Today, mainstream country radio isn’t knocking down his door—and Dayton’s fine with that. He’s been busy accruing fans via a relentless touring schedule (he’s been on the road in the States and Europe almost non-stop for four years). His fans prefer their country dusted with more grit than glitter. He also remains a go-to hire for seasoned artists like John Doe, who tapped him to fill in for X guitarist Billy Zoom when Zoom was sidelined with cancer.

Dayton: taking on the alt-right.

Dayton operates with a combination of classic Southern sensibilities and vehemently progressive politics. He’s outspoken about repealing marijuana prohibition laws and challenging the stranglehold of Big Pharma. With a booming voice and swagger evocative of George Jones and an attitude and verbosity that would have put him in great company with The Clash’s Joe Strummer, he unapologetically tussles with conservative fans on social media.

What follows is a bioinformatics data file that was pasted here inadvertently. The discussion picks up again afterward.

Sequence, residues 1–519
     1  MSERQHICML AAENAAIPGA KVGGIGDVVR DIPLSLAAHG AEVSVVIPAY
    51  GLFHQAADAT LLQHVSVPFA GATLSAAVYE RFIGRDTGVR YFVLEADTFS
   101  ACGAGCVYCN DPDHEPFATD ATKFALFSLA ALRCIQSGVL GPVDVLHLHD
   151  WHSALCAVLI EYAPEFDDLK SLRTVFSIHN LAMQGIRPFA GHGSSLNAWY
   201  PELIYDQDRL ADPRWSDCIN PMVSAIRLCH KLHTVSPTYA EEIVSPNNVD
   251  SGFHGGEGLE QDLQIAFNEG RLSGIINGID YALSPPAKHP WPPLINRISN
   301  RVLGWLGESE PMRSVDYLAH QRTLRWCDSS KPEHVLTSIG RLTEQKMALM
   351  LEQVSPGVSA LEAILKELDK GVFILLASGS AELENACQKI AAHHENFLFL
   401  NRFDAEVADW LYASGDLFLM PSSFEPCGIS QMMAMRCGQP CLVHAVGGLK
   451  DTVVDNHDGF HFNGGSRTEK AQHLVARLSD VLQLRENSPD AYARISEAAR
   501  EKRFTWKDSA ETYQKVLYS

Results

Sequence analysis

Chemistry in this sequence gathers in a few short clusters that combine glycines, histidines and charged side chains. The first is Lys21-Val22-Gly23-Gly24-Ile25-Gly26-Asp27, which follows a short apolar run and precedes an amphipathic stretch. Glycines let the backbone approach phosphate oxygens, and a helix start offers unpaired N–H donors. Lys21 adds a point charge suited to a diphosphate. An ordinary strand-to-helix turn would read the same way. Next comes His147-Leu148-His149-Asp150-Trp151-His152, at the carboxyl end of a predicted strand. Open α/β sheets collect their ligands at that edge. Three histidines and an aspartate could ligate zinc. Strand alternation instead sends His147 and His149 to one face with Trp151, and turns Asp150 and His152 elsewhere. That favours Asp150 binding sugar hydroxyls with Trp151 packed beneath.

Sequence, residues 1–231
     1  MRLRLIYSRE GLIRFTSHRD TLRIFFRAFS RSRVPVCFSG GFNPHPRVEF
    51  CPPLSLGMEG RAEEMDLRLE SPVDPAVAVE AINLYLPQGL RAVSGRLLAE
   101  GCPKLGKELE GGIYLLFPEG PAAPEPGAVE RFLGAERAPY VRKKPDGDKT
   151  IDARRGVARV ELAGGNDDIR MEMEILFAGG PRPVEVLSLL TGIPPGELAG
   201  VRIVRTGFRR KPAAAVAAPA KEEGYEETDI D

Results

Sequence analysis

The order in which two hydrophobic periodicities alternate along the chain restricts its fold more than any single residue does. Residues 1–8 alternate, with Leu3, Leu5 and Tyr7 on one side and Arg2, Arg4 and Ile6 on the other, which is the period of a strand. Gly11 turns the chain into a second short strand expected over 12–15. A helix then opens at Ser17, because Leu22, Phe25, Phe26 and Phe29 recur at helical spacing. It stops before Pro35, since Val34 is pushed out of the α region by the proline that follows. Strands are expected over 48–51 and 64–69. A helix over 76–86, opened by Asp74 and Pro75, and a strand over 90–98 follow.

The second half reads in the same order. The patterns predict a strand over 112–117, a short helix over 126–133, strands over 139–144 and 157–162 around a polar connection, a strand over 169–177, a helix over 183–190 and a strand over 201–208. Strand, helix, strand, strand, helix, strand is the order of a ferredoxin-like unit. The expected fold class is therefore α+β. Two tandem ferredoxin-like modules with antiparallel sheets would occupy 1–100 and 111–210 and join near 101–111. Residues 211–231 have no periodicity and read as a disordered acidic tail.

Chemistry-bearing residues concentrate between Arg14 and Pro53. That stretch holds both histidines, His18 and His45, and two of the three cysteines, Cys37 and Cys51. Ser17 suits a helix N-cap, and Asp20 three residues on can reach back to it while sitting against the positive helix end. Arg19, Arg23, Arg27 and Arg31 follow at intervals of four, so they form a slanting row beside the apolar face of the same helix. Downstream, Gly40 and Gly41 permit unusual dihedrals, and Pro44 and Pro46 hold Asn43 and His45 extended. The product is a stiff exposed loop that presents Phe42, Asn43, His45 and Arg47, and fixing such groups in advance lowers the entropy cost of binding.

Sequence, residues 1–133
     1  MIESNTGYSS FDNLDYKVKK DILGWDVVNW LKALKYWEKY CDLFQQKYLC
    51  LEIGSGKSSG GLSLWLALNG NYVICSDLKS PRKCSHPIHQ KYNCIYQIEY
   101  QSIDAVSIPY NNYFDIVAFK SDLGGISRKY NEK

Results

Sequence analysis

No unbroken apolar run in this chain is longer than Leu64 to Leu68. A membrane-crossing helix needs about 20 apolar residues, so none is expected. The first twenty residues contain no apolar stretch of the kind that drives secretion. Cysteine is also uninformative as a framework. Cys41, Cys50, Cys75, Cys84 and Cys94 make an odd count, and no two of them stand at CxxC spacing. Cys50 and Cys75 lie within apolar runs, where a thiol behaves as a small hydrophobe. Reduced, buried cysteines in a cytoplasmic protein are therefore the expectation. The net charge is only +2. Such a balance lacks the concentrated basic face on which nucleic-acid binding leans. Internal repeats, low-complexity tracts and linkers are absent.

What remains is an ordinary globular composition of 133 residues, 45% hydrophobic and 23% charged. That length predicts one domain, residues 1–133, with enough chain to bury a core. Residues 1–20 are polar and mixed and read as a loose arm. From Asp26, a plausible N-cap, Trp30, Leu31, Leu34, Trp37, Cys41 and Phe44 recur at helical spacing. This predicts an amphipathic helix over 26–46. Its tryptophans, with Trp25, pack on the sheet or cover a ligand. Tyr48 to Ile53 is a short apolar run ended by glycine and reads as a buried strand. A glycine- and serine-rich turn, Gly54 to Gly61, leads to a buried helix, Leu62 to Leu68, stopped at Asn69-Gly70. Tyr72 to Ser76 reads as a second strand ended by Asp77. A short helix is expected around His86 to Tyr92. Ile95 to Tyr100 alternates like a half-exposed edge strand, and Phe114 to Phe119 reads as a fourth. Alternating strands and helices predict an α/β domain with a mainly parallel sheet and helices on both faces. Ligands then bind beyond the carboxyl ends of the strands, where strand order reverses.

His new album The Outsider, which drops today, is part redneck romp, part liberal manifesto, and a whole lotta fun. Leafly caught up with him during his drive to start The Outsider tour at the Chickie Wah Wah in New Orleans.

Leafly: The new album is entitled The Outsider, but you have an impressive history of connecting with some pretty big names inside the canons of both country and punk. How do those intersecting experiences inform who you are as an artist?

Jesse Dayton: Looking back, my whole career has a been one strange event after the next…all these events have become a hybrid that have made me who I am today, musically and personally. There’s a part of me that’s learned this is all one big spiritual journey and that being more Zen in my thinking like Cash and Willie is better for my mental and physical health and happiness.